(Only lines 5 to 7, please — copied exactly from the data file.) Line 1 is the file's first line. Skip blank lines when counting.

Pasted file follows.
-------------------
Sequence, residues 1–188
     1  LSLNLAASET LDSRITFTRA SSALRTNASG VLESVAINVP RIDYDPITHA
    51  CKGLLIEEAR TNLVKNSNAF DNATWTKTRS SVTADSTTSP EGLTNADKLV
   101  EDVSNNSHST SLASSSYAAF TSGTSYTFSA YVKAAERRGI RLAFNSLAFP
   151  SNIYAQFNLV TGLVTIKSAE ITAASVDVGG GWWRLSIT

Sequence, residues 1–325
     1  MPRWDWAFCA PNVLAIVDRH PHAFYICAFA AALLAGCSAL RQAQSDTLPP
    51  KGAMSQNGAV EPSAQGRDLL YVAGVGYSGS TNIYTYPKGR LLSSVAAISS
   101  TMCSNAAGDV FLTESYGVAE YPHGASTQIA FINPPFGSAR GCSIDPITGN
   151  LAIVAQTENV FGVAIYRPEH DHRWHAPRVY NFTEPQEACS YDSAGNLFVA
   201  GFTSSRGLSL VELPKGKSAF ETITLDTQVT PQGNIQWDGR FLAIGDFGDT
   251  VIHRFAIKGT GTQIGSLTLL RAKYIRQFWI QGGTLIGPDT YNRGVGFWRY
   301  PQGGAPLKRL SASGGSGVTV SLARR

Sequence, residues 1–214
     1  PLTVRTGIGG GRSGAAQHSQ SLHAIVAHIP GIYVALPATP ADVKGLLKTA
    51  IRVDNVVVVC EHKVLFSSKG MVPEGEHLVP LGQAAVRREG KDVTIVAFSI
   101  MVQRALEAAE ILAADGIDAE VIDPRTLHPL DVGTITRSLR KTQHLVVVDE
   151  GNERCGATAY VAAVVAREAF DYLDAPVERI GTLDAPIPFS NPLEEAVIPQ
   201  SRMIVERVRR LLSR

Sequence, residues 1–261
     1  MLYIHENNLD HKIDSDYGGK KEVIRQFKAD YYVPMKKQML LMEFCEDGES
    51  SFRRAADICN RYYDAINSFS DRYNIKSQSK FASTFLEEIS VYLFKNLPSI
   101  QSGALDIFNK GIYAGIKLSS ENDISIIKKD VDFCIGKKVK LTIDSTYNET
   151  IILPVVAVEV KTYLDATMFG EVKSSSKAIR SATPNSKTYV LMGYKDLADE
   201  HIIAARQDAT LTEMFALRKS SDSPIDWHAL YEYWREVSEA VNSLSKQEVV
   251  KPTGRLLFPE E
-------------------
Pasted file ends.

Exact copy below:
   151  SNIYAQFNLV TGLVTIKSAE ITAASVDVGG GWWRLSIT

Sequence, residues 1–325
     1  MPRWDWAFCA PNVLAIVDRH PHAFYICAFA AALLAGCSAL RQAQSDTLPP